Skip to content
Energy, Environment

‘The whales are in trouble:’ Traditional Custodian files legal challenge to Woodside’s seismic blasting approval

Environmental Defenders Office 3 mins read

A Traditional Custodian will ask the Federal Court to find that approval for Woodside Petroleum to carry out seismic blasting in her Sea Country was unlawful.

Gas giant Woodside said last week it was ready to begin seismic blasting for its Scarborough Gas Project, despite objections from Custodians who say they still have not been properly consulted, as required.

Woodside’s Scarborough project is a for-export LNG proposal off Murujuga/the Burrup Peninsula in Western Australia, which will result in the release of an estimated 878.02 million tonnes of carbon dioxide over its lifetime.

Mardudhunera Traditional Custodian Raelene Cooper is deeply concerned about the seismic activity’s impact on their Sea Country including on whales and turtles, which are of high cultural importance.

She says she has not been given a chance to explain this properly to Woodside and has applied for a judicial review of the offshore regulator NOPSEMA’s decision to approve the blasts.

Despite finding that Woodside’s consultation with First Nations stakeholders, required by law, had been inadequate, NOPSEMA gave approval for the testing on July 31. Conditions were attached to the approval that further consultation needed to be carried out before commencement of the blasting.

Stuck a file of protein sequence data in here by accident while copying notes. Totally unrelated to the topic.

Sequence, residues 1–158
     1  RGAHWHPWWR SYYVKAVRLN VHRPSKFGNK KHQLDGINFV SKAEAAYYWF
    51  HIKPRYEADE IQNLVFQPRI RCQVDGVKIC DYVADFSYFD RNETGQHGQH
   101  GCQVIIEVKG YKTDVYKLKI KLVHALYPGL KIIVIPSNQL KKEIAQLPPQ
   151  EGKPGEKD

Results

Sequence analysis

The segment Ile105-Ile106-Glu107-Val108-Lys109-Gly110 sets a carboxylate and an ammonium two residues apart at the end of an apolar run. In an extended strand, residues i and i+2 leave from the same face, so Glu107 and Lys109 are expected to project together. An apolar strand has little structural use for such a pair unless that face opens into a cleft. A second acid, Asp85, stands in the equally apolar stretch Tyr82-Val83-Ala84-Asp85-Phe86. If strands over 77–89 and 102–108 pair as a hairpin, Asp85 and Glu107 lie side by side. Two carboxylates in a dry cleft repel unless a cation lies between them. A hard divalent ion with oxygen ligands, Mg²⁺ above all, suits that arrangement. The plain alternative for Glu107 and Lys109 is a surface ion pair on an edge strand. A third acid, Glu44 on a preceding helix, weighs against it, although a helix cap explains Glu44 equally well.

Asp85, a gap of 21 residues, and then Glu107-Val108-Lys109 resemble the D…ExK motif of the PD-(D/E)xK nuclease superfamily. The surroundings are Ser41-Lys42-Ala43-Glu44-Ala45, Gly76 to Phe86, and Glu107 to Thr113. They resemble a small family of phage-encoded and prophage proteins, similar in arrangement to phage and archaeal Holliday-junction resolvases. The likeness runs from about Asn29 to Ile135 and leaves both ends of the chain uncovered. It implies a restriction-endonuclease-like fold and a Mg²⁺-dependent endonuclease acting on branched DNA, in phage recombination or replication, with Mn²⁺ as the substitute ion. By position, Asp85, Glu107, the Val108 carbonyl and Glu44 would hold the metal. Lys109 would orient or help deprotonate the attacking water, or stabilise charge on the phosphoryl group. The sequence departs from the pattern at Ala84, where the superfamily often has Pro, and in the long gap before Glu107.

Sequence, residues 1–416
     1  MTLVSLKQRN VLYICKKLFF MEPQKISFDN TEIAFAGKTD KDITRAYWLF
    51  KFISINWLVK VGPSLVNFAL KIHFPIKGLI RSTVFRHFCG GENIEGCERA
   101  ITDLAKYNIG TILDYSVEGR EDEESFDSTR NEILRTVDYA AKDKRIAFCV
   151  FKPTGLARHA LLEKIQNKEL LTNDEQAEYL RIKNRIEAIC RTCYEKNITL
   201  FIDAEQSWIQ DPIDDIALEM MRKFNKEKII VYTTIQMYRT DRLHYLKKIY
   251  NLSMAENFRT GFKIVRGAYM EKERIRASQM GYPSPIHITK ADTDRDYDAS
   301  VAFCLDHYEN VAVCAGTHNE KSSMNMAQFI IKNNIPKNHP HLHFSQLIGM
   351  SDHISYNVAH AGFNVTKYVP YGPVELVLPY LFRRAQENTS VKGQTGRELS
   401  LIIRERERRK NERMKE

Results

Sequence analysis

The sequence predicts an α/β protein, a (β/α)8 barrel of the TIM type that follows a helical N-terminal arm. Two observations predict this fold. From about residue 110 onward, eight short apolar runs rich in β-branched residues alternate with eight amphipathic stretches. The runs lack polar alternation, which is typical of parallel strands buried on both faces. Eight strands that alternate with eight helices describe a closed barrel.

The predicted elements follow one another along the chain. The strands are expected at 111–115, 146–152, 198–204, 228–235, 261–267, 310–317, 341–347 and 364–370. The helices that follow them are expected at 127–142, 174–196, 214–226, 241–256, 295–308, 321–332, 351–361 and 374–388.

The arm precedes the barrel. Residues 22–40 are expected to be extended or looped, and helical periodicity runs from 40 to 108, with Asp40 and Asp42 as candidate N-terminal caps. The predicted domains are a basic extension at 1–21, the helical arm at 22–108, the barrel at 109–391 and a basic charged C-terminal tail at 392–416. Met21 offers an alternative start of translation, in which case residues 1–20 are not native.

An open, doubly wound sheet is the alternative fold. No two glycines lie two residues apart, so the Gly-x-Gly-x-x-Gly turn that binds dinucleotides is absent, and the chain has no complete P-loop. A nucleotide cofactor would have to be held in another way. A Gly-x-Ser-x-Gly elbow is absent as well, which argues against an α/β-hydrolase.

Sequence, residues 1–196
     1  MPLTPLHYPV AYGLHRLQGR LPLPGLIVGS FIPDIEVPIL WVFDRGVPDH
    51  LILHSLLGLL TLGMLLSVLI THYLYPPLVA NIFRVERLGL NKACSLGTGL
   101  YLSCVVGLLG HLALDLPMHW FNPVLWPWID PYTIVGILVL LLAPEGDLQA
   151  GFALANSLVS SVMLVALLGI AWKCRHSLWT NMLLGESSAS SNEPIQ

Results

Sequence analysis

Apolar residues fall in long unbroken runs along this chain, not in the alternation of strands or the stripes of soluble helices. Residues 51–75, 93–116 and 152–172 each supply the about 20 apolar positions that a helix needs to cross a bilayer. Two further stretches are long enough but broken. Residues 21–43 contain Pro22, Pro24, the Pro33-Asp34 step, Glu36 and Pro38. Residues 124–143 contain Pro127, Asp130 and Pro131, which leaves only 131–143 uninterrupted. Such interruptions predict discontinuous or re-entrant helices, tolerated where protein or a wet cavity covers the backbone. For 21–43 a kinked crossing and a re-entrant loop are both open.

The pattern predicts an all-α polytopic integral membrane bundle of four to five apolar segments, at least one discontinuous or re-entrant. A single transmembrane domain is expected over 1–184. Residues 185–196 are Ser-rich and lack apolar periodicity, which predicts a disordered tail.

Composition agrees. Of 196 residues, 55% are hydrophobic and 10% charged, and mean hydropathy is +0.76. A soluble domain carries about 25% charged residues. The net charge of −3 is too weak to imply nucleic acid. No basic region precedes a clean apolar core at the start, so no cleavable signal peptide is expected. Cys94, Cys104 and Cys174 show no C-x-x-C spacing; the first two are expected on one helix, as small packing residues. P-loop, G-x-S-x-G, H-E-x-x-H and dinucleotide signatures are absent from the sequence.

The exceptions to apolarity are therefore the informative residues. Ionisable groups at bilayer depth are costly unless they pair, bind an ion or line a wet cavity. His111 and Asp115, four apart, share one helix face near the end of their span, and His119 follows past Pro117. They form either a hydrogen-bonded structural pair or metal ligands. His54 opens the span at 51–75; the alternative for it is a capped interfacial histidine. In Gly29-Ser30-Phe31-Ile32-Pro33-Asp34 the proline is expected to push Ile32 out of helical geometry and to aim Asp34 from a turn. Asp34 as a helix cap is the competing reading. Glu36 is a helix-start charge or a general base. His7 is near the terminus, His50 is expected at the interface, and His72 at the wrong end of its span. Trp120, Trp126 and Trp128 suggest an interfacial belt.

Ms Cooper argues that NOPSEMA cannot grant the approval until she has been properly consulted; and alternatively that Woodside cannot begin seismic testing until Woodside has consulted with her, as required under the conditions of Woodside’s approval from NOPSEMA .

Plaintiff Raelene Cooper said:

“We can’t stress the importance and urgency of the government officials and climate activists to make a stand and do the right thing and stop this atrocious misconduct and use of these ocean blasting methods.

“The activities happening in our Sea Country are affecting places of cultural significance and disrupting our Songlines.

“The whales are showing us all around the world that they are in trouble, and if they are in trouble then so is our very existence.

“Woodside are not above the law and they’re not above our cultural lore.”

EDO Special Counsel Clare Lakewood said:

“Woodside has failed to adequately consult with our client about this seismic blasting, which could have serious impacts on her Sea Country and Songlines.

“They have not taken the time to gather all the relevant information about our client’s Sea Country and interests. In particular, our client has deep concerns about the seismic blasting’s effect on whales - which are highly culturally significant.

“NOPSEMA approved this blasting on July 31, but said more consultation needed to be done, because what Woodside has done so far didn’t meet NOPSEMA’s requirements.

“Last week, less than a fortnight later, Woodside said they were ready to start seismic blasting. How could they possibly have done meaningful, respectful and thorough consultation in that short time?”